If you’ve been to our office with your pet for an appointment with me, you’ve probably heard at least part of the hot versus cold debate. When thinking about things from a Chinese Medicine perspective, we always consider the “Yin” and “Yang” of the situation. Yin means female, cool, dark, moist, down, slow. Yang means male, hot, light, dry, up, fast. All things in life should have a balance of Yin and Yang. (Yep, you guys need to get in touch with your feminine side!)
Many of the medical problems we see in pets and people are related to an imbalance of Yin and Yang. Think of the diabetic pet or owner who is thirsty all the time, can’t get enough to drink, and has to urinate a lot. They have a deficiency of Yin (not enough moisture!), so they drink to try to make up for it. Think of the dry, scaly, brittle coat – again a deficiency of Yin (not enough moisture; can also be a Blood Deficiency, as blood moisturizes the body). Fatty tumors are more related to a Yang deficiency – too much moisture stuck in one place without enough warming energy to move it around and dissolve it.
How do you decide whether your pet has an excess or deficiency of Yin or Yang? There are lots of clues to help you decide. Look at the color of the tongue. If it is bright red or dark red, there is probably too much heat in the body. If the tongue is pale, swollen, or very wet, there is probably not enough heat in the body. A yellow coating on the tongue indicates fever and heat (look at your tongue the next time you have a fever). A lavender or purplish color to the tongue means there is stagnation of blood flow, indicating pain (think of a bruise – blood pooling in one spot). You may not be able to tell where the pain is in the body, but you will at least know your pet has pain somewhere and needs to be treated. Another clue is where the animal sleeps. An animal that loves to sit in the sun, in front of the heat vent, or curled under blankets is probably cold and has a Yang deficiency. Animals that pant a lot, drink a lot, love to be out in the snow, lie on cold tile floors or in front of the air conditioning vent are too hot (Yang excess or Yin deficiency) and need to be cooled. Animals that are cold tend to be more sluggish, older, fatter, more laid back, and may have moist skin problems. Hot animals tend to be more hyper, have a dry brittle coat, dry nose and foot pads that may be cracked, and may be more outgoing or aggressive or playful.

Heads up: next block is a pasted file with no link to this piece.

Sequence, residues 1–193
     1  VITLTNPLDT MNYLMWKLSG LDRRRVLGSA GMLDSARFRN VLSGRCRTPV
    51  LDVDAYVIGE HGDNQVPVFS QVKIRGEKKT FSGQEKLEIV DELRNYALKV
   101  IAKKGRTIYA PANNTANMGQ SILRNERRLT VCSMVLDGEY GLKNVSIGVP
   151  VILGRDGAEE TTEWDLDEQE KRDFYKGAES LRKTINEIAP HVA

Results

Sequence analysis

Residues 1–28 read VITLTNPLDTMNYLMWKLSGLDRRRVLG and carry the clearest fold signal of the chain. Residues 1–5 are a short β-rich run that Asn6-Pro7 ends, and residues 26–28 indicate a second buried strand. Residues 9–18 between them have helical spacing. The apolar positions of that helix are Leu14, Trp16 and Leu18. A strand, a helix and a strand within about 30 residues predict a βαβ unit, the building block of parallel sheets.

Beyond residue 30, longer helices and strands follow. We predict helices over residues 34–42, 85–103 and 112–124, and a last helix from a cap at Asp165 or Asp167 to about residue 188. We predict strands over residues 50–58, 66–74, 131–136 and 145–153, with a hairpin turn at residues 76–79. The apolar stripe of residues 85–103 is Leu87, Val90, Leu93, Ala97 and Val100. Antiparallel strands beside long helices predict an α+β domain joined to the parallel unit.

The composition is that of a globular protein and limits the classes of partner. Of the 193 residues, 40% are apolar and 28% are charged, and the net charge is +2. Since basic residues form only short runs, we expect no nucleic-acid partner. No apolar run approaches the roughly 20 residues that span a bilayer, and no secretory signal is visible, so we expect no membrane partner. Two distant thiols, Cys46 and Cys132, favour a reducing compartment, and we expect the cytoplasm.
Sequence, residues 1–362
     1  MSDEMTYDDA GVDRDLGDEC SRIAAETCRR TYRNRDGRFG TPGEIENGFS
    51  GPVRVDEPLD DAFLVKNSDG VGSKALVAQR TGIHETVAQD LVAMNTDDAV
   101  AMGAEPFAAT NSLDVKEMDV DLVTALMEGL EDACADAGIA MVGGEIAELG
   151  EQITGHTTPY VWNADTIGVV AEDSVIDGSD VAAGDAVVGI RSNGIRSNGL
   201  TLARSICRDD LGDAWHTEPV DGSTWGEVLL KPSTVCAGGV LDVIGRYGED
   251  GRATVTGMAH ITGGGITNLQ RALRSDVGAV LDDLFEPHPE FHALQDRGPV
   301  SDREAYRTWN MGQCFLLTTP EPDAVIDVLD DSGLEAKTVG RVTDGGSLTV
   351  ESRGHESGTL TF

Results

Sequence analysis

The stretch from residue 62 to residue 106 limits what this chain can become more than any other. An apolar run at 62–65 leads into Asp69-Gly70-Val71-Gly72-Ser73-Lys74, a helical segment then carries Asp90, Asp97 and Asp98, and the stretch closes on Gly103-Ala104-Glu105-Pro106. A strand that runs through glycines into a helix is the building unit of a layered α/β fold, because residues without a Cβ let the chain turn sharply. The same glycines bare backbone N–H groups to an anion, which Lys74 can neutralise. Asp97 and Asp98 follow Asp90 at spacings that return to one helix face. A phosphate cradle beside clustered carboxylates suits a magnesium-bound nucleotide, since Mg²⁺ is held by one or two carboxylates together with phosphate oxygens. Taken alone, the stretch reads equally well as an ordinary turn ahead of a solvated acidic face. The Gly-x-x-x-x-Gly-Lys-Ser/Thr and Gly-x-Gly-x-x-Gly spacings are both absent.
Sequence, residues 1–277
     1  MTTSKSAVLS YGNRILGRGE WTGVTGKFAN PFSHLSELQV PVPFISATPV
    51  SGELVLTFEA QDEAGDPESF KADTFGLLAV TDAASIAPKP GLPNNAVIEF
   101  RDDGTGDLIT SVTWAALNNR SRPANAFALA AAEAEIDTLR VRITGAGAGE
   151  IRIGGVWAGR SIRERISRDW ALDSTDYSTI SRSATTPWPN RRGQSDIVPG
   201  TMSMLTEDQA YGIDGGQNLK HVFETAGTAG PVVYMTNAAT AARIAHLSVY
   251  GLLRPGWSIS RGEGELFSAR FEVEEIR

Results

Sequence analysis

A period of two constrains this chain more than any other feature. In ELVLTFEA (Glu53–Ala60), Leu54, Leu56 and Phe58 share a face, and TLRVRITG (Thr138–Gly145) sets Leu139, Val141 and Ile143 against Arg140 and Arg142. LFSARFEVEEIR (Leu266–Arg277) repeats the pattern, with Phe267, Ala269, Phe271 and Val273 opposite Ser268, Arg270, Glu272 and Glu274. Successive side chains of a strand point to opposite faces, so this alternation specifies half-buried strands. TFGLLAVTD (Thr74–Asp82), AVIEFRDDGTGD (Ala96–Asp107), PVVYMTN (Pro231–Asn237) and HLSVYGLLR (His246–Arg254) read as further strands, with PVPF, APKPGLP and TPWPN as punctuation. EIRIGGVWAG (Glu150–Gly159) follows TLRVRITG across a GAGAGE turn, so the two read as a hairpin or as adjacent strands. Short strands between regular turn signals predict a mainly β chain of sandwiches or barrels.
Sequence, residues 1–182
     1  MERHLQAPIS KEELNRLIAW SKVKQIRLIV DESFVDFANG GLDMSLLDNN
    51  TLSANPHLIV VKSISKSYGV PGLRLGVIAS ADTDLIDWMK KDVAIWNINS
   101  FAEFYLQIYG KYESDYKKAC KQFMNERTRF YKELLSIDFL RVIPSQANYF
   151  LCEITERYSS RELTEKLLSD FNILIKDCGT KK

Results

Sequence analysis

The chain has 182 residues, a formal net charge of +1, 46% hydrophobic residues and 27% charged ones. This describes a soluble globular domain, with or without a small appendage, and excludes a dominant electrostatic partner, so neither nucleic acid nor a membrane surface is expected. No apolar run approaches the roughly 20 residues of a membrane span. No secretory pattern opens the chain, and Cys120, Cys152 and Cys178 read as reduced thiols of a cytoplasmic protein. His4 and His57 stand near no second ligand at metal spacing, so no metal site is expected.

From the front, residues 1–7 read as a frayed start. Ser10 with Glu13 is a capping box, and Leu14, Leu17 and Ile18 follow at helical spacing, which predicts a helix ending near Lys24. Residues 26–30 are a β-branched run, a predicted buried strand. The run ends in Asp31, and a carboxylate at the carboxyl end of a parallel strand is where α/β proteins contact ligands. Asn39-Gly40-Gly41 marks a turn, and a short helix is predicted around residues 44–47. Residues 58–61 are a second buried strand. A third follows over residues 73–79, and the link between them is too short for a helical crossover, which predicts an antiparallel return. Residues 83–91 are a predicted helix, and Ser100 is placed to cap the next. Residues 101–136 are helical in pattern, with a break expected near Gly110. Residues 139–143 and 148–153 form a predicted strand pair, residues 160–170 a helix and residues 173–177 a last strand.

So how do we treat deficiencies or excesses of Yin and Yang? There are many ways. Medications actually will have a Yin or Yang energy. Herbs and foods can also be used to help correct the imbalances. Acupuncture points can “energize” Yin or Yang. Simple fixes can be tried at home, using the correct food ingredients.
If you have an animal that is too cold (Yin excess or Yang deficiency) you need to feed things that will help to warm the body. Foods in this category include lamb, venison, chicken, oats, pumpkin, chicken and pork liver, and white rice.
If you have an animal that is too warm (Yang excess or Yin deficiency) you need to feed things that will help to cool the body. Foods in this category include ocean fish such as sardines, mackerel, salmon, clams, tuna; duck, goose, beef liver, buffalo, pork, rabbit, apples, bananas, berries, melons, sweet potato, cucumber, romaine lettuce, summer squash, spinach, and brown rice.
Beef, chicken eggs, and beef liver tend to be neutral, so can be fed either way. These foods are good blood tonics for animals with pale tongues or dry coats.
You can choose to make your pet’s food using the ingredients above, or you can add these foods as supplements to the processed meal you feed. Make sure to cut back on the canned or dry food if you are adding calories with the whole foods! If you are not feeding any processed canned or dry food, make sure you add canine minerals to the diet so the calcium and phosphorous levels in the food are balanced. When choosing a canned or dry food for your pet, choose one with ingredients to treat the energetics of the pet. For instance, a hot dry dog would do well on a herring and sweet potato diet. A cold wet dog would benefit from a lamb and rice diet.
One of my favorite summer treats for old hot dogs is watermelon ginger ice cubes. Put watermelon chunks in your blender with some dried ginger sprinkled in. Blend and put in an ice cube tray. Feed the frozen cubes as treats. They will cool your pet and the ginger is a natural anti-inflammatory for arthritis.
Have fun with food. These tricks work for yourself as well!